ALGEBRA 1 SKILL BUILDERS


 Ginger Robertson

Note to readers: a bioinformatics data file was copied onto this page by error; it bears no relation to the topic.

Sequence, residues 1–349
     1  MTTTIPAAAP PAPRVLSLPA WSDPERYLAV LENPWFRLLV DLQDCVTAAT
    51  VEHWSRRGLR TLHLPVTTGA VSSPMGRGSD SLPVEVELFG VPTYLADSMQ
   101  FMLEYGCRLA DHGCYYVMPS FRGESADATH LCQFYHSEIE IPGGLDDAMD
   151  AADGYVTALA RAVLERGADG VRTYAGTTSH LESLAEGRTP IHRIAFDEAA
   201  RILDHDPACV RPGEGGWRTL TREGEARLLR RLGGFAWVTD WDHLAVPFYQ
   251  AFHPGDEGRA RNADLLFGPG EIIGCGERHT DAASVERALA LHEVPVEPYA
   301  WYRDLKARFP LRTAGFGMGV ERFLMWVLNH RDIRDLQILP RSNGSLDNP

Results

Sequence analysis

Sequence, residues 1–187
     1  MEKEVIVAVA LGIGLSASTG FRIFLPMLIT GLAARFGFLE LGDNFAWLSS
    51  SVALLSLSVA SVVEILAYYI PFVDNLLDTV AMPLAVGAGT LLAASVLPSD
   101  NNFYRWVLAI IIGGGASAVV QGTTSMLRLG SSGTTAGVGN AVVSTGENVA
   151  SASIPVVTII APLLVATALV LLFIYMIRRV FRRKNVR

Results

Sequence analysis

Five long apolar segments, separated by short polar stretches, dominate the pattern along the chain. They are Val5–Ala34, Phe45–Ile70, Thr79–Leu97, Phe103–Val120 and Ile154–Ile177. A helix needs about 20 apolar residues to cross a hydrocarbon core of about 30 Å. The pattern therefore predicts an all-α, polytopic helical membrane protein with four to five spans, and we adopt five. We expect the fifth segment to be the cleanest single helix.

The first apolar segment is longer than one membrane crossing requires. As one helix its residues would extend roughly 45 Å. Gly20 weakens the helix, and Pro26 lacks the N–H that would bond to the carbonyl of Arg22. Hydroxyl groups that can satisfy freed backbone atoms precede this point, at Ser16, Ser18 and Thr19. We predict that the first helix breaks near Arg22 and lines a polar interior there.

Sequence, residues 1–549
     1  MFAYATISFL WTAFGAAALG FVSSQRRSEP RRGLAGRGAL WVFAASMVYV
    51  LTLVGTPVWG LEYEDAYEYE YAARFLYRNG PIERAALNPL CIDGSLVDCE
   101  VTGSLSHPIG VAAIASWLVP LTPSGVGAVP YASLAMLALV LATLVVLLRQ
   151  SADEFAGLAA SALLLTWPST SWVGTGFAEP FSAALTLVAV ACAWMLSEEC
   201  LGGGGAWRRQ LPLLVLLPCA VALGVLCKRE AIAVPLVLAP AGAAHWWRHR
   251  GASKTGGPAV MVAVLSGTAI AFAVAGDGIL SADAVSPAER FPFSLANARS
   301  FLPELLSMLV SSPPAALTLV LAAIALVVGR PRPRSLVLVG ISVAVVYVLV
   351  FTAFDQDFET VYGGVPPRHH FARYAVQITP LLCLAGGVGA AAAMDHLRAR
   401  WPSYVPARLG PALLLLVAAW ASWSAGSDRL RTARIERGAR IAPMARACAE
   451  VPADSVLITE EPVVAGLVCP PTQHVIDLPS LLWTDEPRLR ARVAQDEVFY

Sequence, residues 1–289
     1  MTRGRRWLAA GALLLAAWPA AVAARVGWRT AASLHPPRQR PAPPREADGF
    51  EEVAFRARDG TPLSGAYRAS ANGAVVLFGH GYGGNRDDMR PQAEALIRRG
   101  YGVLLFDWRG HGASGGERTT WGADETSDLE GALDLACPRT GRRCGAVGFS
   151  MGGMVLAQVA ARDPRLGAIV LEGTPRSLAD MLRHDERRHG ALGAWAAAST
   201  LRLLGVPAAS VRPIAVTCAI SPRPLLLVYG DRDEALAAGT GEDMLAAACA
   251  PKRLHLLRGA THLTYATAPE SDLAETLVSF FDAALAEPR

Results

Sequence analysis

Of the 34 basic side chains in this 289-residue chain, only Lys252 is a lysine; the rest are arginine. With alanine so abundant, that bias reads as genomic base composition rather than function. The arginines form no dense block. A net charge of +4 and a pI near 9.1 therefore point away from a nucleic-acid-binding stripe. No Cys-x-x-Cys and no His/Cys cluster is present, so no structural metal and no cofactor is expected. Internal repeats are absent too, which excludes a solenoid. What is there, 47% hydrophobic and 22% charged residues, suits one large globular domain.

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1 ALGEBRA 1 SKILL BUILDERS (Etra Practice) Introduction to Students and Their Teachers Learning is an individual endeavor. Some ideas come easil; others take timesometimes lots of time to grasp. In addition, individual students learn the same idea in different was and at different rates. The authors of this tetbook designed the classroom lessons and homework to give students time often weeks and monthsto practice an idea and to use it in various settings. This section of the tetbook offers students a brief review of 7 topics followed b additional practice with answers. Not all students will need etra practice. Some will need to do a few topics, while others will need to do man of the sections to help develop their understanding of the ideas. This section of the tet ma also be useful to prepare for tests, especiall final eaminations. How these problems are used will be up to our teacher, our parents, and ourself. In classes where a topic needs additional work b most students, our teacher ma assign work from one of the skill builders that follow. In most cases, though, the authors epect that these resources will be used b individual students who need to do more than the tetbook offers to learn an idea. This will mean that ou are going to need to do some etra work outside of class. In the case where additional practice is necessar for ou individuall or for a few students in our class, ou should not epect our teacher to spend time in class going over the solutions to the skill builder problems. After reading the eamples and tring the problems, if ou still are not successful, talk to our teacher about getting a tutor or etra help outside of class time. Warning! Looking is not the same as doing. You will never become good at an sport just b watching it. In the same wa, reading through the worked out eamples and understanding the steps are not the same as being able to do the problems ourself. An athlete onl gets good with practice. The same is true of developing our algebra skills. How man of the etra practice problems do ou need to tr? That is reall up to ou. Remember that our goal is to be able to do problems of the tpe ou are practicing on our own, confidentl and accuratel. Another source for help with the topics in this course is the Parent's Guide with Review to Math 1 (Algebra 1). Information about ordering this resource can be found inside the front page of the student tet. It is also available free on the Internet at Skill Builder Topics 1. Arithmetic operations with numbers 1. Zero Product Propert and quadratics. Combining like terms 16. Pthagorean Theorem. Order of operations 17. Solving equations containing algebraic fractions. Distributive Propert 18. Laws of eponents. Substitution and evaluation 19. Simplifing radicals 6. Tables, equations, and graphs 0. The quadratic formula 7. Solving linear equations 1. Simplifing rational epressions 8. Writing equations. Multiplication and division of rational epressions 9. Solving proportions. Absolute value equations 10. Ratio applications. Intersection of lines: elimination method 11. Intersection of lines: substitution method. Solving inequalities 1. Multipling polnomials 6. Addition and subtraction of rational epressions 1. Writing and graphing linear equations 7. Solving mied equations and inequalities 1. Factoring polnomials Algebra 1 7